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Hearings begin for Quebec bill that aims to abolish school board elections

Moreau happy with Bill 86 hearings
WATCH ABOVE: Quebec's education minister Pierre Moreau said he's happy with how the hearings on school board reform are going.

QUEBEC CITY – The Commission scolaire de Montreal and its parents committee will be the first two groups to appear at public hearings on Bill 86 in Quebec City.

READ MORE: EMSB applauds decision to be included in Bill 86 hearings

Quebec’s Liberal government has proposed to do away with school board elections; more than 50 groups are expected to speak on the issue.

WATCH: Bill 86 hearings begin in Quebec City.

The minority Anglophone community has come out to oppose Bill 86 because it insists its ability to govern school systems would be compromised.

READ MORE: Possible school board reforms pose no threat to Anglophones: Birnbaum

The government argued it would centralise public school management and put teachers, parents and students at the helm of the decision-making process.

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“I remain convinced that this bill will not compromise that management control,” said David Birnbaum, former executive director of the Quebec English School Board Association (QESBA) and current Liberal MNA for D’Arcy McGee.

“That there will be room for us to do this right while making things better.”

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QESBA has been invited to speak at the hearings, but the English Montreal School Board (EMSB) and the Comission Scolaire de Montreal (CSDM), the largest French board in Quebec, had not initially been asked to participate.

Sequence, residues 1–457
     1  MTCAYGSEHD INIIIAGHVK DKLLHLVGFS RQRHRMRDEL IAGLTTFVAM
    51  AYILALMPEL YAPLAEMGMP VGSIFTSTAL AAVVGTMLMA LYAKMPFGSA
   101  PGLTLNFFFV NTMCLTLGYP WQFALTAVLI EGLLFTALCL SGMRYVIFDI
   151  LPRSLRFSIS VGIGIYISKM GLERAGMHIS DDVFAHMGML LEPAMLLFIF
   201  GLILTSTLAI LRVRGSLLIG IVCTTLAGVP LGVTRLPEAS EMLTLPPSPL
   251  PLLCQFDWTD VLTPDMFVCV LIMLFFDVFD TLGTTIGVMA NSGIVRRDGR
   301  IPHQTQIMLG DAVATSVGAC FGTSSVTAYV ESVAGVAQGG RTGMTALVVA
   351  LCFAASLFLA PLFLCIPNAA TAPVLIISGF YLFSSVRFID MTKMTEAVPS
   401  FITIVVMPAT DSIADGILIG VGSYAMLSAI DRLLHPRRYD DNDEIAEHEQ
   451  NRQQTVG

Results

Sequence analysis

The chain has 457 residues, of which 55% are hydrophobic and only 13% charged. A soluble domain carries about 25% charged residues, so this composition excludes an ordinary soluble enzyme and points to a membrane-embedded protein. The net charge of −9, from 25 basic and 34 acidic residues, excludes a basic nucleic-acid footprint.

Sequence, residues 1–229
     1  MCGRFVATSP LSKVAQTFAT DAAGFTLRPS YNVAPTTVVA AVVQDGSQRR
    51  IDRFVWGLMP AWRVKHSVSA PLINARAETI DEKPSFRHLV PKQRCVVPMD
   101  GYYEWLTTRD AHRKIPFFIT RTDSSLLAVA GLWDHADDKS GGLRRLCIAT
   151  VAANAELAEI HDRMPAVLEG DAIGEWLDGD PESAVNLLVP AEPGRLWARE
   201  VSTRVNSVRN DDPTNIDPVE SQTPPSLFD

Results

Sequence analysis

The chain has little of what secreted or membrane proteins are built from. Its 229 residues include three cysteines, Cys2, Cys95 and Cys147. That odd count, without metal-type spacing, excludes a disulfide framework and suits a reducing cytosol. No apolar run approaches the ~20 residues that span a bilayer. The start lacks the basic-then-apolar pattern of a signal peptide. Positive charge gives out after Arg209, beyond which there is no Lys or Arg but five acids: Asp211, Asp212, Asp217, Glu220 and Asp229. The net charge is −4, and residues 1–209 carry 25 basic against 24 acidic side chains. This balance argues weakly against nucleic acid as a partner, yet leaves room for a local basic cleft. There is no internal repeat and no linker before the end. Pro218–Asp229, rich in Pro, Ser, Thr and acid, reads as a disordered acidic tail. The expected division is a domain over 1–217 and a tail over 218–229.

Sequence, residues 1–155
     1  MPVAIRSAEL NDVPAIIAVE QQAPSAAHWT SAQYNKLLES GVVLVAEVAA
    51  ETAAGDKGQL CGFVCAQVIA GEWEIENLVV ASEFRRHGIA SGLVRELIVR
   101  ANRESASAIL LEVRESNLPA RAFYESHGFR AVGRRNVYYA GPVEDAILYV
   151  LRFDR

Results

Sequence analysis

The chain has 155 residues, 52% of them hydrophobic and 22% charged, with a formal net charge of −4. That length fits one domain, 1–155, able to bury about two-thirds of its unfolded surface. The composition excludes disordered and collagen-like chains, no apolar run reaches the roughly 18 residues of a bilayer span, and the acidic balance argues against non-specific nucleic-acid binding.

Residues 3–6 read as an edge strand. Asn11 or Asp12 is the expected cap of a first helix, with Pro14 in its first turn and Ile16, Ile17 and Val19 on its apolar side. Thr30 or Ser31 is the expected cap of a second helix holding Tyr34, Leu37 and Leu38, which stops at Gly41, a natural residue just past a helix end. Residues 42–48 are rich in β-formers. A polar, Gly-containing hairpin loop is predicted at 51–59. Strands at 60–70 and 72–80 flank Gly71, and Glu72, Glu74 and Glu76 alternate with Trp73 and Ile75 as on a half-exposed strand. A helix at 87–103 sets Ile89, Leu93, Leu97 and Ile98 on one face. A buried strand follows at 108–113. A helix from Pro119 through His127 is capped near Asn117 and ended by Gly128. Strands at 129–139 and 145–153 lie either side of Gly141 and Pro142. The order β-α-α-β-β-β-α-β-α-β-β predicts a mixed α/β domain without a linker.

READ MORE: More English voices need to be heard at Bill 86 hearings, says QCGN

At the time, the Quebec Community Groups Network (QCGN) said the government was stacking the cards to garner support for its project to change the way school boards are managed.

“The government wants control of who it listens to and therefore who will give support to them in their view,” said Sylvia Martin-Laforge with the QCGN.

“So, it’s a way of deciding what the outcome of the bill will be.”

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The Anglophone community found an unlikely ally in the National Assembly, when Parti Québécois leader Pierre Karl Péladeau accused the Liberal government of not respecting its rights when it comes to Bill 86.

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READ MORE: English education advocates go on the offensive over Bill 86

The hearings were expected to begin last month, but were delayed after the Liberal cabinet shuffle and new Education Minister Pierre Moreau suffered unexpected health problems.

Public hearings will continue on Thursday.

As it stands, the bill is expected to become law on July 1.